To be certain, the oil and gas industry has filed lawsuits against local governments that have sought limits on hydraulic fracturing. The difference is that NextEra is using taxpayers’ money to fund its courthouse mugging of small-town America. Between 2008 and 2015, according to a recent report by the Institute on Taxation and Economic Policy, NextEra accumulated profits of $21.5 billion but didn’t pay a dime in federal income taxes. Over that time frame, only ten other American companies received more in tax subsidies than NextEra. Nor does it appear that NextEra will be paying federal taxes any time soon. In its 10-K filing for 2016 with the Securities and Exchange Commission, the company reported $3 billion in tax-credit carryforwards that it can use to directly offset tax liabilities in future years. Remember, tax credits are more valuable than a deduction from revenue or accelerated depreciation. As my accounting consultant (and brother) Wally Bryce, a CPA, reminds me: “You’d much rather get a tax credit because it applies dollar for dollar against what you owe the government.”

NextEra wants more tax credits. And it’s litigating to get more. But each lawsuit NextEra files against a yet-smaller rural town or yet-smaller website owner provides another example of the backlash against Big Wind and, even more appalling, how Big Wind is using the issue of climate change as an excuse to make a run on the Treasury. Since 2015, more than 130 government entities in states from Maine to California have moved to reject or restrict the encroachment of the wind industry. And while other wind companies have also sued small towns, none can match NextEra’s scorched-earth tactics……

Read more at National Review 

wrightmann.jpg.size.custom.crop.487x650
Esther Wrightman holding notice of lawsuit filed against her by NextEra

SLAPP Lawsuit Filed by NextEra Against Esther Wrightman

Statement of Defense filed by Esther Wrightman

Victory! Turtle Power Rules!

blandings-on-forest-floorWhite Pines Wind (WPD) proposed to be located on the shores of Lake Ontario in Prince Edward County has been dealt a severe blow by the Environmental Review Tribunal. The decision from the “remedies hearing”  dealt with issues surrounding the findings of the Tribunal that serious and irreversible harm to the environment to the endangered Blanding’s Turtles, Little Brown Bat and other species at risk would result from the project’s activities.  WPD never the less began land clearing construction in sensitive wetland habitats and continued just days prior to the ruling being rendered.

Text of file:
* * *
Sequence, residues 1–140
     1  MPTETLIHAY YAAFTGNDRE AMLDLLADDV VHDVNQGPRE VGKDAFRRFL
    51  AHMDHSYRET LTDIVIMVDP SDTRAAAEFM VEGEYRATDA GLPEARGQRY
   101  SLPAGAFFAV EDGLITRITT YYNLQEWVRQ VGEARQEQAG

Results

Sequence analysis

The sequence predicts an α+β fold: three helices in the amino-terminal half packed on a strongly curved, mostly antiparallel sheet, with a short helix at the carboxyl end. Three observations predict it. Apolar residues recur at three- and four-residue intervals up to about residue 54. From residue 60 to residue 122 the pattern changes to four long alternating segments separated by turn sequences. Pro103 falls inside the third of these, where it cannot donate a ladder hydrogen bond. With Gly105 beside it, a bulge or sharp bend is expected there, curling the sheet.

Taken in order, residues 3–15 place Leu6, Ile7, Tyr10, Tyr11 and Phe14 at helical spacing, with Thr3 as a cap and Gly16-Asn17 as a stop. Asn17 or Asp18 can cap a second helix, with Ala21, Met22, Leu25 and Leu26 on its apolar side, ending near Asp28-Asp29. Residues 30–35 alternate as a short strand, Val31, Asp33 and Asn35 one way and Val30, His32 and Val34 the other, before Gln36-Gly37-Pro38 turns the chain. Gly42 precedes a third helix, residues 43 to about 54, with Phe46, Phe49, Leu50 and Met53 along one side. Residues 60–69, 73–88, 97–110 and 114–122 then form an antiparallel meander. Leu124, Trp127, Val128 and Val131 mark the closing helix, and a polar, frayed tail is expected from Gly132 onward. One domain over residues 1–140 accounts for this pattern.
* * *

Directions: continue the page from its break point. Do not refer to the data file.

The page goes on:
Photos via APPEC

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Removal of 18 of 29 turbines leaves lingering questions if the wind project remains financially viable.  The residents of Prince Edward County and world wide can only hope that this is a final and fatal blow to the White Pine Wind that will result in halting the invasion of industrial wind turbine generators.

DECISION
[166] Under s. 145.2.1(4)(c) of the EPA, the Tribunal alters the decision of the Director by amending Renewable Energy Approval No. 2344-9R6RWR as follows:
1. Adding the following conditions to the REA:
i. Condition J7.1. The Company shall implement the Mitigation Plan for Operation of the White Pines Energy Project, dated July 21, 2016 prepared by Stantec Consulting Ltd., including:
1. Implement the monitoring and mitigation measures as
outlined in Table 2 of the Mitigation Plan;
2. Adjust cut-in speed to 5.5 m/s between sunset and sunrise
from May 1 to September 30 at all turbines for the operating
life of the Project; and
3. In the event of a mortality of a bat species that is a species
at risk, successively increase the operational mitigation as
detailed in Table 2 of the Mitigation Plan.
ii. Condition L2. Further, the Company shall implement the additional
avoidance and mitigation measures as outlined in the report
“Additional Avoidance and Mitigation Measures to Minimize
Potential Impacts to Blanding’s Turtle (Emydoidea blandingii)”,
prepared by Natural Resources Solutions Inc., dated July 22, 2016,
65 15-068
including implementation of the mitigation measures described in Tables 2-1 to 2-5 and 4-1 of that report.
2. Removing from the REA the turbines proposed to be accessed by upgraded municipal secondary and tertiary road segments and intersections in Blanding’s turtle habitat, as identified in Figure 2.2 of the report “Additional Avoidance and Mitigation Measures to Minimize Potential Impacts to Blanding’s Turtle (Emydoidea blandingii)”, prepared
by Natural Resources Solutions Inc., dated July 22, 2016, specifically Turbines 12, 13, 14, 15, 16, 17, 18, 19, 20, 21, 22, 23, 24, 25, 26, 27, 28 and 29.
Renewable Energy Approval Altered

15-068 HIRSCH V. ONTARIO (MOECC)

The WPD White Pines Wind decision can be read here:

15-071 WPD WHITE PINES WIND INC. V ONTARIO (MOECC)

White Pines Wind (WPD)